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    (Original post by Parthenon93)
    What do we write if we were asked to compare?
    Well key hole surgery is:

    - Non-invasive
    - Therefore there is; reduced risk of infection, reduced cost and quicker recovery time.
    - Also because operations are quicker more operations as a whole can be taken out.
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    Well relativists are basically guys sitting on the fence, if we use PED's as an example their viewpoint would be that it is acceptable on some grounds, and unacceptable on others. They may feel it is ok to use PED in order to level out the playing field in a sense. if runner X is so much slower than the others than he cannot even compete, then relativists may think it is fine. Howevever relativists may say its not ok if its used to such a level that non-PED users cannot compete with PED users.

    An absolutists view is firm, they can be either for or against but they stick to one.

    For example an absolutist against PEDs would say that on no ground is using PEDs acceptable, and it is cheating whichever way you look at it. They would say that all of the competitors should not be allowed to use any kind of PEDs. Also they may want athletes who use PEDs suspended from the competition.
    An absolutists for PEDs would essentially say the opposite and would believe that using PEDs is acceptable.
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    (Original post by AGM)
    Well key hole surgery is:

    - Non-invasive
    - Therefore there is; reduced risk of infection, reduced cost and quicker recovery time.
    - Also because operations are quicker more operations as a whole can be taken out.
    also less bleeding. and less scarring so better aesthetics brah
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    (Original post by bertstare)
    also less bleeding. and less scarring so better aesthetics brah
    Indeed, and that's cost saved as well as like anaesthetic is used!
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    do we need to learn conditioned reflexes??
    i cannot find this in the text book.
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    I have a question! So, am i right in saying that in order for a nerve impulse to be transmitted, there needs to be neurotransmitters released from the presynaptic membrane into the synaptic cleft (and then reabsorbed into the presynaptic cleft or broken down after transmission)?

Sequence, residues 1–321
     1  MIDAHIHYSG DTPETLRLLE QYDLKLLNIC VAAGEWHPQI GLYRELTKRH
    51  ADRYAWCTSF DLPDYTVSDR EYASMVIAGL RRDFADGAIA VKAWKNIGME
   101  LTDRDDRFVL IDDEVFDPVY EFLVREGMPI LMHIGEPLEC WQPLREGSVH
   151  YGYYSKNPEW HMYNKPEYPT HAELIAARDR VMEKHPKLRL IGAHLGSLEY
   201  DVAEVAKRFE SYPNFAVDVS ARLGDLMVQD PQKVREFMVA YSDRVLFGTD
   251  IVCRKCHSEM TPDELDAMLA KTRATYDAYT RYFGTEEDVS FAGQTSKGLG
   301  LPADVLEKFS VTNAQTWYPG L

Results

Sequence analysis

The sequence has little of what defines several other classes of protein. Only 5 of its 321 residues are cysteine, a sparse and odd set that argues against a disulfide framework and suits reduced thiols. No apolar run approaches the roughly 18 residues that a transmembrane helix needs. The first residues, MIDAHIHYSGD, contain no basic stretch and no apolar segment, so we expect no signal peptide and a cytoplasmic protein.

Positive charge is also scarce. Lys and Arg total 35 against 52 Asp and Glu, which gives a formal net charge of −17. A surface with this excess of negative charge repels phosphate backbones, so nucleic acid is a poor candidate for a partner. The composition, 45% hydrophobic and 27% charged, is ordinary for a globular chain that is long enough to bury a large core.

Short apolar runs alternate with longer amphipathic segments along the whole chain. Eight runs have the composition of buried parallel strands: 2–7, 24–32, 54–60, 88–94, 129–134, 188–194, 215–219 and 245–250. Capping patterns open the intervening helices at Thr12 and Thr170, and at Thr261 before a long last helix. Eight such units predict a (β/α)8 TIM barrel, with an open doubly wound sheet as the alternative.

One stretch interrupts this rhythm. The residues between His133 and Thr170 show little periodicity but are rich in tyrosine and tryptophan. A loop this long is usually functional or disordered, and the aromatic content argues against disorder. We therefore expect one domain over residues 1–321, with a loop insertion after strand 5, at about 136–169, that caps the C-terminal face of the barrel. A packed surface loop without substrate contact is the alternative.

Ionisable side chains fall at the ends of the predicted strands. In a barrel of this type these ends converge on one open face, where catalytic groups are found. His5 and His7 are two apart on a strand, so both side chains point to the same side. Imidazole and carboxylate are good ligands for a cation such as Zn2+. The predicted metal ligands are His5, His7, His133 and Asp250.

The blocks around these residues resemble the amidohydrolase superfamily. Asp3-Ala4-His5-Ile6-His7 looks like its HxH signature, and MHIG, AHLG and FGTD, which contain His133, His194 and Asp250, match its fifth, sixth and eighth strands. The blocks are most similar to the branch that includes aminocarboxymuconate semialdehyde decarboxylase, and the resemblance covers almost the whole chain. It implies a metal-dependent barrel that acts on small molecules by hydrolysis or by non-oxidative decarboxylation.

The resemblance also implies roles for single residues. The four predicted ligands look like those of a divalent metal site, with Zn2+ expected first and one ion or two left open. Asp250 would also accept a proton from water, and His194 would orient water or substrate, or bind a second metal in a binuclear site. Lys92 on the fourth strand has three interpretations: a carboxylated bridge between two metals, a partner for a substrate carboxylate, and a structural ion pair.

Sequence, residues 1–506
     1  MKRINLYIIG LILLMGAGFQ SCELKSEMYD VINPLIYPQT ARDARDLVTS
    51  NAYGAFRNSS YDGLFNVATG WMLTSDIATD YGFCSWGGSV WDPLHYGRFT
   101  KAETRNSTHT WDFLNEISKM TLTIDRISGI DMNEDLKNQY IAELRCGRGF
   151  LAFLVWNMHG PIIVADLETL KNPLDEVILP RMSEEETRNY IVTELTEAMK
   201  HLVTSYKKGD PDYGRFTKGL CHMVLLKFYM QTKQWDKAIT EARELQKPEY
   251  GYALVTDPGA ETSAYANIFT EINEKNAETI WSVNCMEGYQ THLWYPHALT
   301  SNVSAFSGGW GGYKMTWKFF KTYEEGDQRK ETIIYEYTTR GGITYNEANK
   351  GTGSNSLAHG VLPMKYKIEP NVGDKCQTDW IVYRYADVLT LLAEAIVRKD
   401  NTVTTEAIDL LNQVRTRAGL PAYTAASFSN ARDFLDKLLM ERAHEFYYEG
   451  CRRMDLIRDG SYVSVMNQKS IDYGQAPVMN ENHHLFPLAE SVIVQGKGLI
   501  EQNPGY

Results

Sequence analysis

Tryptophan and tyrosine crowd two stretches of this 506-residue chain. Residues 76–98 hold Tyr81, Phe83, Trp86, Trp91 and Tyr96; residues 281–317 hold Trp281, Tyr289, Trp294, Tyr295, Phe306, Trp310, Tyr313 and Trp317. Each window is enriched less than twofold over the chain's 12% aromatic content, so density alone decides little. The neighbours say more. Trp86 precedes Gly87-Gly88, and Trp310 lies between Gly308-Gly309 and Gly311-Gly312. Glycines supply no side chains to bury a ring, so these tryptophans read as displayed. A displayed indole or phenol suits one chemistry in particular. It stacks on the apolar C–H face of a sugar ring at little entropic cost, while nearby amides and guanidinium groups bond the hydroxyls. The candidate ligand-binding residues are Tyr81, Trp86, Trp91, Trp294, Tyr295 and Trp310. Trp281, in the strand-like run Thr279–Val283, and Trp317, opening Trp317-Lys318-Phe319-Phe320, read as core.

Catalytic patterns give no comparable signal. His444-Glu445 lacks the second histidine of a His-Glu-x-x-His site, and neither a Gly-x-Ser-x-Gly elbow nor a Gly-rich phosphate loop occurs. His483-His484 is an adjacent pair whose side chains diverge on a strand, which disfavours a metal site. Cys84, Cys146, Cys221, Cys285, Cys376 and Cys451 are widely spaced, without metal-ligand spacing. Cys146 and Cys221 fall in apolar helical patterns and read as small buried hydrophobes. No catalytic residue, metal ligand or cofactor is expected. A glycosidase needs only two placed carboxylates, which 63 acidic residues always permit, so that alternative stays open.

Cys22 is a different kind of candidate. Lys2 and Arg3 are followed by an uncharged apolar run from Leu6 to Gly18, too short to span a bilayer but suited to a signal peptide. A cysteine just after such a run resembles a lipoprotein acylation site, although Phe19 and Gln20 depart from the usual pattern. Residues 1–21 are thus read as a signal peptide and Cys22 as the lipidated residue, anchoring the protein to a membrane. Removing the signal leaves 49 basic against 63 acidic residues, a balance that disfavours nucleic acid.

Well, in light stimulation, the CGP revision guide says that "Na+ ions diffuse into the rod cell -> inside slightly negative (depolarisation) -> triggers release of neurotransmitters -> neurotransmitters inhibit the bipolar neurone (ie it can't fire an action potential)." Surely the release of a neurotransmitter would mean an action potential could be fired?

    Could someone explain this to me please : )

    Also, out of Na+ and K+, is Na+ the more negative one?
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    (Original post by tophothari)
    Quick question guys.
    Which question will you do first?

    the 30 mark question 7 on the article or the other 6 questions?

    I thought it'd be wise to get the 30 mark out of the way (storm through it, as you already know whats gonna come up) before attempting to do the 6 questions where you need to think before answering.

    What will you guys do??

    How???? show me!
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    what are the benefits and risks of using GMO'S?
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    (Original post by voices1)
    what are the benefits and risks of using GMO'S?
    Benefits:
    - higher yield, plants more nutrious
    - enzymes produced in large quantity, and production method is cheaper, so high profit
    - human protein used (as template) in GMO rather than conventional animal protein, therefore its safer and more effective in treatments
    - make them weed resistance, so cost reduces, crop is less expensive, so used in LEDCs

    Risks:
    - transmission of weed-resistance gene during interbreed, chance of producing superweed or superbug increases
    - modifying genetic material of organisms purely for human benefite is immoral


    thats all i can think of sorry.

    Edit: thought of more benefits: using animal and plant mean, conventional method of farming can be used, which is cheaper.
    Risk - people concerned about possible consequences, unforeseen impacts of GMO in future
    - people think its unnatural to modify animal genes
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    (Original post by TheDustyKid)
    I have a question! So, am i right in saying that in order for a nerve impulse to be transmitted, there needs to be neurotransmitters released from the presynaptic membrane into the synaptic cleft (and then reabsorbed into the presynaptic cleft or broken down after transmission)?

    Well, in light stimulation, the CGP revision guide says that "Na+ ions diffuse into the rod cell -> inside slightly negative (depolarisation) -> triggers release of neurotransmitters -> neurotransmitters inhibit the bipolar neurone (ie it can't fire an action potential)." Surely the release of a neurotransmitter would mean an action potential could be fired?

    Could someone explain this to me please : )

    Also, out of Na+ and K+, is Na+ the more negative one?
    its the opposite in a rod cell. its an inhibitory synapse so instead of NA+ gates opening, Cl- gates open causing influx of Cl- which causes hyperpolarisation (instead of depolarisation) so an action potential wont fire

    although it doesnt go into detail about that for the rod cell, it just says it inhibits it. but thats how an inhibitory synapse works